The very best part of the day, however, was being able to meet the fabulous Tish from A Femme d'un Certain Age! We rendezvoused in the afternoon at Angelina for a cup of the amazing chocolat chaud and what turned into hours of conversation. Tish is every bit as gorgeous, stylish, gracious, erudite, witty, warm and charming as you would imagine from reading her blog. We felt as if we'd known each other for years, and getting to meet her was a real treat and privilege.
Dinner for our last evening in Paris was at Christophe in the 5th (right near the Sorbonne, the streets awash with college-age kids). We'd heard that the food was great and the atmosphere lacking, but we found the minimalist, zen decor serene and soothing after a week of so much sensory stimulation. Yes, the food was as amazing as we'd heard. Back to the apartment to pack and crash, and the next day, an early morning cab to CDG. Always too soon we must leave!
I found some additional style notes I'd jotted down, and had forgotten to include in my style posts.
--Bags: hardware is minimal and mostly functional, few metallics are seen and those are more muted and subtle. (Did see some metallic shoes...gold Pumas, bronze ballet slippers.) Most bags observed still pretty substantial in size and soft, outnumbered the smaller structured "lady bags." Most of the more structured bags seen were croc-embossed (or real, peut-etre?). Did not see patent leather bags this time which were popular last fall, or flat square totes, unless cloth. Hermès Birkins still seen far more frequently than in the U.S. Some Louis Vuittons are seen, but more often the Damier canvas (my preference) than the more well-known "LV" logo design.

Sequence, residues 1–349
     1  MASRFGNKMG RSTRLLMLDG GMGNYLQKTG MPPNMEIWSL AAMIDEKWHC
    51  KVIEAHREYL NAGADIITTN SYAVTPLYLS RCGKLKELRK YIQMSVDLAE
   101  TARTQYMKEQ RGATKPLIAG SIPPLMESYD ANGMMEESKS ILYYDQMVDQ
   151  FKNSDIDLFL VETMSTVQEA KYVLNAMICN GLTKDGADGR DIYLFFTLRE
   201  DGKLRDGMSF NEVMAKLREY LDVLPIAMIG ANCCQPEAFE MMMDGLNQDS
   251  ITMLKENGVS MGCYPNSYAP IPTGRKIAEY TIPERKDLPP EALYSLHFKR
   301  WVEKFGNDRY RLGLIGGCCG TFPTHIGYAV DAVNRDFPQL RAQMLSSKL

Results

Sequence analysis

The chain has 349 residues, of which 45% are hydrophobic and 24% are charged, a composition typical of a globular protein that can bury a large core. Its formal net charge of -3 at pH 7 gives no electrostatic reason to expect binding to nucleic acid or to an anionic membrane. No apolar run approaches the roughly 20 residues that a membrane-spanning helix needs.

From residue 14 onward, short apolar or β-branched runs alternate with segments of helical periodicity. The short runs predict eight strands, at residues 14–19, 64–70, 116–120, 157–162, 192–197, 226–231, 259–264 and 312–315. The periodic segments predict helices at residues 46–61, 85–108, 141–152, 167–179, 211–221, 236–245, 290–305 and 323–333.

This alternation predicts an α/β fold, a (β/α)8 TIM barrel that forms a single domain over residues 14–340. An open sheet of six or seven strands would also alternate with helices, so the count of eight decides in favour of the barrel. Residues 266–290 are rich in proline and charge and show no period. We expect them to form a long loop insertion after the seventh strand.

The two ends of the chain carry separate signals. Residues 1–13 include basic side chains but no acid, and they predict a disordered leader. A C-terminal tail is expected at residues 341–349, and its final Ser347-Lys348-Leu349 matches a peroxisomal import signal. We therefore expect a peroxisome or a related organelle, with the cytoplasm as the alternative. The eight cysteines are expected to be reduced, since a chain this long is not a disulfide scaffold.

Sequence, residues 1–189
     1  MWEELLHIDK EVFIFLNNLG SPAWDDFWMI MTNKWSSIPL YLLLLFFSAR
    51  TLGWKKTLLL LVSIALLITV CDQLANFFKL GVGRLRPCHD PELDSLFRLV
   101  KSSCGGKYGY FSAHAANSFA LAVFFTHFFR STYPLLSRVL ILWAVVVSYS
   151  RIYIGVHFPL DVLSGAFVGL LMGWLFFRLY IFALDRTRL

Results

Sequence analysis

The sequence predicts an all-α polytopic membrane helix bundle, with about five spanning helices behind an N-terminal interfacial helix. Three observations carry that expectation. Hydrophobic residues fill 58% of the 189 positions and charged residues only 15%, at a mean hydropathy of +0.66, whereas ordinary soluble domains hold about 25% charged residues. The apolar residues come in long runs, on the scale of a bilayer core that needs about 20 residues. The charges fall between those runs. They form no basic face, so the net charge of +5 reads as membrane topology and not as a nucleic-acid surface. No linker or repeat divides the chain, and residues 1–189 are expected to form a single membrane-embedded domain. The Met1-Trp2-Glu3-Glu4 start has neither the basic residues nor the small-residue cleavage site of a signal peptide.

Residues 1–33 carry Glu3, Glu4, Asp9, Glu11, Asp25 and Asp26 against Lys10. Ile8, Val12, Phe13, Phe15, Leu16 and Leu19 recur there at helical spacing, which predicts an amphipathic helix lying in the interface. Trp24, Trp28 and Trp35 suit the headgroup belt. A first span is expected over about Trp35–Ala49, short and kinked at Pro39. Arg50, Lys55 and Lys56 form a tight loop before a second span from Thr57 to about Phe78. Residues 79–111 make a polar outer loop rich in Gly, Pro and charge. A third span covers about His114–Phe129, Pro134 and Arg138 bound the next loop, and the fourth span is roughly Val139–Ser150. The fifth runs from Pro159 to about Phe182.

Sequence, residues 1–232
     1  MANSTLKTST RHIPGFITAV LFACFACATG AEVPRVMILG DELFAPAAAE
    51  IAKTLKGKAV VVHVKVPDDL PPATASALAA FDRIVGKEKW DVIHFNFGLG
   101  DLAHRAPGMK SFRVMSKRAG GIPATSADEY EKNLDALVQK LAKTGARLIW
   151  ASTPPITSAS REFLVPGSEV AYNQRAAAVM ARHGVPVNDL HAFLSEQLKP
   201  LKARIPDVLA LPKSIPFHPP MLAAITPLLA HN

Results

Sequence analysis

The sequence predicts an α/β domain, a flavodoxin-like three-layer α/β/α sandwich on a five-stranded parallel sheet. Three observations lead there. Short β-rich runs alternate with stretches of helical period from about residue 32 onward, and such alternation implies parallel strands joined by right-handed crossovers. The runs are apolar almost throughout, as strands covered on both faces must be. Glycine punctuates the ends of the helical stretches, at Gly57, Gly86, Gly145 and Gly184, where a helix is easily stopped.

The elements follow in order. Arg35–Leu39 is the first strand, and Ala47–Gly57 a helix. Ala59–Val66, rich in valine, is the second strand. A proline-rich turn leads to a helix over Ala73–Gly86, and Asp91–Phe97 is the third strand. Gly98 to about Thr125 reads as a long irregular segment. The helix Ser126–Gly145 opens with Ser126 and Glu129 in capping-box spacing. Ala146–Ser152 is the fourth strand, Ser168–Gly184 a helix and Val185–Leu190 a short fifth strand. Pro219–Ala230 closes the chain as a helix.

--Plain black tights far outnumber patterned versions, but occasionally the latter are seen, usually on younger women.
--Maquillage really is minimal and subtle, especially on les femmes d'un certain age. One doesn't see many brightly colored lips, frosted looks or obvious goopy glosses. No "raccoon" eyes. (Check out Tish's post from yesterday, enlarge the pics and you'll see what I'm talking about.) Likewise, you don't see the effects of very obvious plastic surgery or cosmetic procedures, (and if you do, the women are probably from the U.S., like the very loud and obnoxious American women who sat at the next table our second night at dinner discussing their various cosmetic procedures in more detail than fellow diners should be subjected to). No trout pout, unnaturally smooth or stiff skin, or cheekbones that could cut glass are observed among les Parisiennes.
--Not a lot of bling. I did see an occasional naturalistic rough stone or ethnic-inspired necklace, but one doesn't see women dripping in diamonds and gold chains, even the obviously wealthy ones. Jewelry is minimal and subtle for the most part.